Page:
I can't believe it's December 1st and I'm writing about the spring Willett pick. In defense, the bottles only arrived about a month ago.
Our little group has been picking from KBD since March of 2009 and we've pulled some truly phenomenal whiskies from KBD's rickhouse's. Drew Kulsveen has always been a gracious host and gone out of his way to make sure we have access to great bourbon. This last pick in April was no exception. In all, we ended up with six barrels this go around. It's no secret that KBD sources their whiskey although they are distilling, that whiskey won't be ready for another couple of years at least.
All the bourbons are cask strength and range in age from 8 to 11 years old.
Willett Barrel #1422 - From the taste of it, this bourbon is a wheat mashbill. This is the second barrel of this series we've picked with last years at 8 years old making this one 9. Bottled at 129.4 proof, this is another candy shop winner. When I describe a bourbon having candy shop qualities that includes dark sugars, fudge, caramel, nuts, etc. This one has all that with a nice oak backbone. Heat pops up mid palate but then subsides allowing an oaky chocolaty finish to slowly fade. I really like these cask strength wheaters.
Willett Barrel #824 - This selection is one of a long line of a series of barrels we've picked from since 2009 when our first Willett was 6 years old. This one and its sister #813, come in at 10 years old. The proof on this is 127.2 but as typical with our picks, the heat is totally in check to almost non-existent. This one is spicier than previous iterations with cinnamon, clove up front on entry that transitions to stewed dark fruits and gooey pudding. Sweetness is limited but flavor abounds on this one. I noticed this one, even though from the same series as previous picks, really changed from 9 to 10 years as I don't pick up similarities as I did before.
Willett Barrel #810 - This selection is the same mashbill and barrel date as #824 and comes in at 126.9 proof. This profile is more in line with the previous picks but exhibits a bit more creaminess on the mouthfeel. Sweet entry that turns to oak barrel notes and finishes slightly drying. The finish is quite nice and long on this one.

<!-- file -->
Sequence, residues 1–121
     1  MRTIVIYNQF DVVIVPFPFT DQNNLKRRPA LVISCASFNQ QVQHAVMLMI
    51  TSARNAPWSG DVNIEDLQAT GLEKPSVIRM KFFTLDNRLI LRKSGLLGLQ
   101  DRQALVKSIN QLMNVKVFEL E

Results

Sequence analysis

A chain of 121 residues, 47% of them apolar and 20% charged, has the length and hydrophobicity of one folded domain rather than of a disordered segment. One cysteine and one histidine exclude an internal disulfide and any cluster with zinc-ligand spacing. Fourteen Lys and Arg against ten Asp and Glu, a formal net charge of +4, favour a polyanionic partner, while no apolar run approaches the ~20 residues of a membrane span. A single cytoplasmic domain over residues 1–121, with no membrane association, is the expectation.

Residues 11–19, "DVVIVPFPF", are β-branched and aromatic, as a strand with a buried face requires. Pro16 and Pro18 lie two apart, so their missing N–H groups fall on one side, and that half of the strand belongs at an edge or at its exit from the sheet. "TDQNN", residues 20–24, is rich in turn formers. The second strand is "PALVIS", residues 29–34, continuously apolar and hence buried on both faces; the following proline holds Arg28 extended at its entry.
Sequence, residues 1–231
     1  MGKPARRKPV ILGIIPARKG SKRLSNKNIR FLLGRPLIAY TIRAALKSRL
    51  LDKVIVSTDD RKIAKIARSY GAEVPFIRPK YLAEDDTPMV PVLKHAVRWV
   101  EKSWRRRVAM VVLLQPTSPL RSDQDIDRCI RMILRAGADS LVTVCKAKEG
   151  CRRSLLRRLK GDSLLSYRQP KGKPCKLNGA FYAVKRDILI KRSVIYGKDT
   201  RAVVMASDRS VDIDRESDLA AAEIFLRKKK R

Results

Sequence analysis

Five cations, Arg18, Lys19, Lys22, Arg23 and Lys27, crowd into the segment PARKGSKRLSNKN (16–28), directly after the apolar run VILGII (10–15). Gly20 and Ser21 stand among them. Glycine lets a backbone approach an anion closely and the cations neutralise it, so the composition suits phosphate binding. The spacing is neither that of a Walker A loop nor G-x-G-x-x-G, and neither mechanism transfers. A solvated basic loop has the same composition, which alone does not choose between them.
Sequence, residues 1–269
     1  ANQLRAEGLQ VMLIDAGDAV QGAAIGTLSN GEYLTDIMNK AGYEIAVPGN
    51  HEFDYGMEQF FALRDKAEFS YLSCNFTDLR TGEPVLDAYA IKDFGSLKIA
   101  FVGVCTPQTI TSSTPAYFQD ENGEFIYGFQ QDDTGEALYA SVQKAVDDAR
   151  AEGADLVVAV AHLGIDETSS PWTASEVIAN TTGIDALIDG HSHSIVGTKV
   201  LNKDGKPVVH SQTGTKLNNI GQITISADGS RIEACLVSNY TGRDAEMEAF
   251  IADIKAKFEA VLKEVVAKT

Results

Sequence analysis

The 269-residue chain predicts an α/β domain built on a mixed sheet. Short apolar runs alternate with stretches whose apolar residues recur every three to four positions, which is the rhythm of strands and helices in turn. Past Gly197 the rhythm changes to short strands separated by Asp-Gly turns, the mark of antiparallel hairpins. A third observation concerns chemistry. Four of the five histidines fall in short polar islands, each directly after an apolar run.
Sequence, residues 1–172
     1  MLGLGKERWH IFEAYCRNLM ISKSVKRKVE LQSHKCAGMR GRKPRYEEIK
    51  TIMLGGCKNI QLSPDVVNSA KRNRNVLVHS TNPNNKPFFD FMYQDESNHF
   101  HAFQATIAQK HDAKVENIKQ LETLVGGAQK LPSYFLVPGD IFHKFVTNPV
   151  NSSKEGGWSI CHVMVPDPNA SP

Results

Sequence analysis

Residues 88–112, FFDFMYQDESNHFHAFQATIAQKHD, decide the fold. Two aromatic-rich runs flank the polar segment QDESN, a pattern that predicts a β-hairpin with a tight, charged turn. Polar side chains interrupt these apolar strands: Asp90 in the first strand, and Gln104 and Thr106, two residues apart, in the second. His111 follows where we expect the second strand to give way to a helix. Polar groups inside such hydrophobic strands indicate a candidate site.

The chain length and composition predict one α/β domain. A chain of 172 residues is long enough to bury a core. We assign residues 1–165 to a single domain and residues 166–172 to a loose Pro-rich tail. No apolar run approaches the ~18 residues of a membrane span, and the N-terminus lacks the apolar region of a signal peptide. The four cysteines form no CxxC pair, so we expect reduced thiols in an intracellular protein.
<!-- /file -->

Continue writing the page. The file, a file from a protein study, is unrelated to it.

Willett Barrel #6472 - When sitting in the tasting room at KBD last April, we were asked if we were interested in tasting a 9 year containing a mashbill we had not selected previously. My answer would be "does the Pope wear a funny hat?" This one at first blush, was not as well received as the 11 year olds we were also tasting (more on that). I liked it out of the gate and now that I have bottles in the bunker, I like it even more. First impression on tasting was juicy fruit gum. Big sweet mouth watering flavor of fruit and vanilla. Flavor profile develops around mid palate to include honey and tobacco which then transitions to yet another long, warming finish. This bourbon was bottled at 121.4 proof and is 8 years old
Willett Barrels #1586 and #1595 - I'm combining these two since they are the same mashbill and barreled on the same date. They are similar in profile and for me, the jury is out on which one I like better. Both are great selections that exhibits nice barrel notes, spice and eucalyptus. These have dark chocolate on the palate; first impression was
chocolate mint. Sweet and spice on the entry migrating to a creamy
sweetness mid palate. Finish is moderate to long. #1586 is an excellent bourbon
fresh out of the bottle. As the bourbon sat in the glass over the
course of an hour, the sweetness became more pronounced. Barrel #1595 while similar, has more caramel and chocolate on the profile and softer eucalyptus on the palate. Crazy to think but both of these barrels came in at 123.4 proof and are 11 years old.
All in all, this years picks are really fantastic. Each year we say we can't imagine picking better barrels the following year yet we manage to meet or beat previous selections.
For 2014, we'll of course visit the normal distilleries as we've done in the past but we're working on branching outside the envelope and see if we can add some unique small craft offerings to our collective bunkers.